Have a federal student loan? Your forbearance was extended to 2021

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Given recent news of Democratic VP nominee Kamala Harris and revised unemployment benefits and mail-in voting changes for the upcoming election—phew!—federal student loan holders may have missed some welcome news: they won’t have to pay them until 2021.

On August 8 President Trump issued a memo ordering the Secretary of Education to extend the administrative forbearance of federal student loans through December 31, 2020. That temporary measure, made in late March when the novel coronavirus pandemic was just settling in, was originally set to expire Sept. 30—about a month before Election Day.

“The 2019 novel coronavirus known as SARS-CoV-2, the virus causing outbreaks of the disease COVID‑19, has significantly disrupted the lives of Americans,” the memo reads. While the first measure of student loan relief helped, “many Americans remain unemployed due to the COVID-19 pandemic, and many more have accepted lower wages and reduced hours while States and localities continue to impose social distancing measures. It is therefore appropriate to extend this policy until such time that the economy has stabilized, schools have re-opened, and the crisis brought on by the COVID-19 pandemic has subsided.”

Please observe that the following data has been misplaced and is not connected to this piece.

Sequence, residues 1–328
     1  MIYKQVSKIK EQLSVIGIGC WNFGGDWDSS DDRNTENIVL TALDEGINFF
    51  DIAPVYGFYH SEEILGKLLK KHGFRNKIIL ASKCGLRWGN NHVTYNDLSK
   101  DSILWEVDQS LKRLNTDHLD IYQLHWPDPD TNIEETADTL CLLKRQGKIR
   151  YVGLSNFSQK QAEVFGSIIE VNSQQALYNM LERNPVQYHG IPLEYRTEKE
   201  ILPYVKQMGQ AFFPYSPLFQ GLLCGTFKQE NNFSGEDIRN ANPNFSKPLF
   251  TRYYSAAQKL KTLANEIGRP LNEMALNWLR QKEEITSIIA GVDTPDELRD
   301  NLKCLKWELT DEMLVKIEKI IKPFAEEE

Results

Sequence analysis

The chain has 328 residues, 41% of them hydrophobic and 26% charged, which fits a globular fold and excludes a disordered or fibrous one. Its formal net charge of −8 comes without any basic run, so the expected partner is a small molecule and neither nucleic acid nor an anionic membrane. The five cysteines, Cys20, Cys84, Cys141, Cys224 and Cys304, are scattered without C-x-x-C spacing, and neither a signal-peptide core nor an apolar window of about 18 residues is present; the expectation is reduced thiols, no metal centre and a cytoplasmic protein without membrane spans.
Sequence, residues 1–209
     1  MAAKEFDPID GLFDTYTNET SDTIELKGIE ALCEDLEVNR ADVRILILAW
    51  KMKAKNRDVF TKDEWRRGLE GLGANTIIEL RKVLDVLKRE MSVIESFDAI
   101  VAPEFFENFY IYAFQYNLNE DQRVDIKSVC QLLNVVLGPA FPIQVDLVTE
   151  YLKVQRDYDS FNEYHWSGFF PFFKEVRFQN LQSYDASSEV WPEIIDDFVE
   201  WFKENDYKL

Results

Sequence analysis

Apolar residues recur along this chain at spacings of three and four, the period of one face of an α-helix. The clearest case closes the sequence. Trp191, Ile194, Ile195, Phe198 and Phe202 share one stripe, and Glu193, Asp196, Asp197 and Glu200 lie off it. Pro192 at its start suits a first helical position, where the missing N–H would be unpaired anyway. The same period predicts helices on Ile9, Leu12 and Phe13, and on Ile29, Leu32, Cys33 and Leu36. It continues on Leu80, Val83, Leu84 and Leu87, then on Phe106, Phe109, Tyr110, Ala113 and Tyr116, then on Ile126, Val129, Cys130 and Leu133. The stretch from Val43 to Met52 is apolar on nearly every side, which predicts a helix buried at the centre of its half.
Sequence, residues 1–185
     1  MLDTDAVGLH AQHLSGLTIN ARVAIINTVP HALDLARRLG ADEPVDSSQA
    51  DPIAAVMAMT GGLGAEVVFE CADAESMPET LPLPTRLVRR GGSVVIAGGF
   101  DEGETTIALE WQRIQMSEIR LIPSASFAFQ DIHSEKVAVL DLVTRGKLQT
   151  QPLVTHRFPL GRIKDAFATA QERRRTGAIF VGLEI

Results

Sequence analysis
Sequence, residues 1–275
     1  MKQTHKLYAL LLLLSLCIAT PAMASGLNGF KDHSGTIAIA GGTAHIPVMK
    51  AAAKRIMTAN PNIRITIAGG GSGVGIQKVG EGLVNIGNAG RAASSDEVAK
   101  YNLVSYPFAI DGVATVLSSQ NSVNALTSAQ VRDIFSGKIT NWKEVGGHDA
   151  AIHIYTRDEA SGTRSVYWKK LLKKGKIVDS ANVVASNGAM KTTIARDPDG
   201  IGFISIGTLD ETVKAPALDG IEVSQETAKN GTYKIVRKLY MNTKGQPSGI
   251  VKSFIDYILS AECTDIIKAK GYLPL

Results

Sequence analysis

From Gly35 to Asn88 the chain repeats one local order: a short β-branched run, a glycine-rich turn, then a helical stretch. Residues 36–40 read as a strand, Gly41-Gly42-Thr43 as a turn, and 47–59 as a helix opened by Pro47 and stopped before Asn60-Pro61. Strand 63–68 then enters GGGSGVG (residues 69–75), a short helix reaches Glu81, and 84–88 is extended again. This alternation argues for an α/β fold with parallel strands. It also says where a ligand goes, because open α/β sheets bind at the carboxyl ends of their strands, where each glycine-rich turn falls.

Forbearance means the interest rates on the loans goes to 0% and payments aren’t required during the period. (If you’re interested in continuing to pay them—after all, you are fiscally responsible—you may, or you can elect to refinance your student loans if the rates drop.) Loan servicers will automatically place federal loans into forbearance without any additional action, but it’s best to check your account to ensure it happens. (If you’ve set up automatic, recurring payments from your bank account to your federal student loan lender, those will be suspended, too.)

The most popular servicers for federal student loans are FedLoan Servicing, Great Lakes, Navient, Nelnet, Cornerstone, Granite State, HESC, MOHELA, and OSLA.

It’s worth noting that the latest reprieve only applies to federally held student loans—meaning your private student loans aren’t covered by the temporary forbearance, let alone the extension, and you’ll have to continue paying them.

But that still includes several types of loans, such as “Direct” loans and Parent Plus loans. Federal Family Education Loans, or FFELs, and Perkins loans are only eligible if they’re “federally held”—and most are not. (If you’re not sure, call your servicer or 1-800-4-FED-AID to find out if your loans qualify.)

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